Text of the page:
Senator Rónán Mullen

Here are my reasons for seeking a NO / NO vote.

1.  The Family referendum (39th Amendment) wants to introduce ‘durable relationships’ into the Constitution, as the basis for “Family” as the “natural primary and fundamental unit group of society”, equal with marriage. Minister Roderick O’Gorman says there will be “no differential treatment” between marital and non-marital families, if the referendum passes.  But durable does not necessarily mean of long duration, and relationships can involve any number of people. A person may only be in one marriage, but can have multiple, simultaneous, durable relationships, including simultaneously with marriage.  The Government can’t, and won’t, define what a ‘durable relationship’ is. The wording of their proposed amendment prevents the Oireachtas from being able to define it either. It must go to the Courts. Lawyers for No highlight many possible consequences of this approach, and of putting such vague, endlessly flexible, wording into Bunreacht na hÉireann. It creates the possibility of major confusion about what the Constitution requires in our laws, and also of costly litigation including for many who can’t afford it. It was open to the Government to keep the link between Marriage as the foundation for the Family, while also having a wording to acknowledge and protect people in non-marital family situations. Amendments were tabled to achieve this. But no time was allowed to consider them. The Government wants to keep the meaning of ‘Family’ as fluid as possible, however risky. That is the only reasonable conclusion.

2.  The Care referendum (40th Amendment) removes mothers from the Constitution, while seeking to reduce family and parenting responsibilities to caring, and while taking rights and responsibilities in the home out of future constitutional consideration.  Why would the Government want to take the words ‘mother’ and ‘home’ out of the Constitution in this way? Anyone who is aware of the cultural campaign to replace biology with identity will understand this intended diminution of ‘woman’ and ‘mother’.  Meanwhile the replacement clause on care is watery and does nothing for the general task in caring in society. And again, what is the Government up to? If they were sincere about putting in recognition of carers, why didn’t they use the stronger wording recommended by the Citizens Assembly? And why are they making even this weak recognition of care, conditional on a controversial removal of protection for mothers from being forced out of home due to economic necessity? To be clear, it was open to the Government NOT to attack the Constitutional protection for mothers, but to add in a guarantee for fathers and respect for their important parenting role.  But this Government is on a completely different track.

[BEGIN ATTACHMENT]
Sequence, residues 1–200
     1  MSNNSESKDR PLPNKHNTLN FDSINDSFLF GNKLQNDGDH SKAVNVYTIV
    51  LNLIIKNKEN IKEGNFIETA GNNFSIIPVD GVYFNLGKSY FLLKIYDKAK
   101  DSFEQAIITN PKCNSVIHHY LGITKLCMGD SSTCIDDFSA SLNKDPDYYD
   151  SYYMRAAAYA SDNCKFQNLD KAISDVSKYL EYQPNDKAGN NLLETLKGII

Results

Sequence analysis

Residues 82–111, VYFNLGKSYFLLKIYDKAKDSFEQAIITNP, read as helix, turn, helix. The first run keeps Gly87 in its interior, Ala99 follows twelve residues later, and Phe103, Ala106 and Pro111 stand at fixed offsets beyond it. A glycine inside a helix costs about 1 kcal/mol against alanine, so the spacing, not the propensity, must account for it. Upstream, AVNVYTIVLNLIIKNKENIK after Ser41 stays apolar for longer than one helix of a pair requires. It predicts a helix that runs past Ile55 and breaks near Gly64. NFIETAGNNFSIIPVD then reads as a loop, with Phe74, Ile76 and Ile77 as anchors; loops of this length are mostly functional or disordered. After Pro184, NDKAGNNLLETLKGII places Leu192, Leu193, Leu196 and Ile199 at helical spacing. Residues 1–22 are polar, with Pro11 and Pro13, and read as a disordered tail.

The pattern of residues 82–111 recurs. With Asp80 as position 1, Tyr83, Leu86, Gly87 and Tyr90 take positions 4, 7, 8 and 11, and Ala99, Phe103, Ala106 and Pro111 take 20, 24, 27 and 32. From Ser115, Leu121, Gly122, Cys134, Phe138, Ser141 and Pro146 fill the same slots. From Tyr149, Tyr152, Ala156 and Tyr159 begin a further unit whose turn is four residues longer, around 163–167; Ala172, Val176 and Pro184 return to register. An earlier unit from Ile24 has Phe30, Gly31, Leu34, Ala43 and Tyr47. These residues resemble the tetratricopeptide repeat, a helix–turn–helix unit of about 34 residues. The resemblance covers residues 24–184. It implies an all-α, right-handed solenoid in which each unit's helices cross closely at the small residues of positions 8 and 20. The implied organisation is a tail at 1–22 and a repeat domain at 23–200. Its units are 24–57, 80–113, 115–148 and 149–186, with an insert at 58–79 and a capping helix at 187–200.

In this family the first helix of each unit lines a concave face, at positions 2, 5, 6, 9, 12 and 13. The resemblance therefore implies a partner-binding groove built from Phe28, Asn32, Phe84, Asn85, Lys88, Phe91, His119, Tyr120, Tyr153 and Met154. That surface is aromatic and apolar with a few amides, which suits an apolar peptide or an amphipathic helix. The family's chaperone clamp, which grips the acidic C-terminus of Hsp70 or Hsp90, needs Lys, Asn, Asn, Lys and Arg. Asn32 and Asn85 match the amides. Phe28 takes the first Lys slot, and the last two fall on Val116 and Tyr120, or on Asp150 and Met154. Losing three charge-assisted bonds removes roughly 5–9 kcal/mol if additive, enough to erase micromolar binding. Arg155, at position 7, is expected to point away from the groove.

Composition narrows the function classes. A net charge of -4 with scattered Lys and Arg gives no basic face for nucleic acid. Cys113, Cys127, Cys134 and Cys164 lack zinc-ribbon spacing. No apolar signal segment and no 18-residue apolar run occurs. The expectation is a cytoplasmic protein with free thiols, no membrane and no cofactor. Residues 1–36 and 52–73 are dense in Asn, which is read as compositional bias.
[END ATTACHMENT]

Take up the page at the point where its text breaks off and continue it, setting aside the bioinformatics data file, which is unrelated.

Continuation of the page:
3. Why such vague wording and why such controversy now? Because, I believe, the Government didn’t want careful scrutiny of what it was proposing and wanted a quick public campaign based on emotion and the illusion of inclusiveness to get these new wordings past the people and over the line.  The Government:- refused to publish the results of its public consultation on the Citizens’ Assembly recommendations last year; published the actual wording of its proposals late in the day, allowing for a very restricted debate over the Christmas period; used its majority to prevent the normal pre-legislative scrutiny of the Referendum Bills; chose the gimmick of running the referendums on International Women’s Day (March 8th) thus forcing the debate in Dáil and Seanad to an early close; used the ‘guillotine’ to end the debates before all amendments were considered. refuses to show the public the minutes of its 16 interdepartmental meetings, and of meetings with insider NGOs, which discussed the meanings of these new wordings and what they would lead to. So the normal contract whereby the People get to vote Yes or No to Constitutional changes after they have been thoroughly scrutinised by the Oireachtas – was broken. The Government used its Dáil and Seanad majorities to prevent careful analysis of its wordings. And now they are asking us to vote for a ‘pig in a poke’. 

4.  If you are not yet convinced by my reasoning, consider that upwards of 15 million euro of taxpayers money is being spent on a standalone referendum on a proposal that, if the wording was more carefully chosen, need not have been controversial. That’s not counting the money being spent by NGOs which get substantial State funding. Even though the McKenna and McCrystal court judgements state clearly that public money should not be used to influence the outcome of referendums. These proposals fail on their merits (or lack of them). But even if they did not, the arrogance and insiderism that have marked this whole purpose calls, I believe, for strong pushback from voters on this occasion. Please go out and vote NO / NO on Friday, and send the Government back to the drawing board.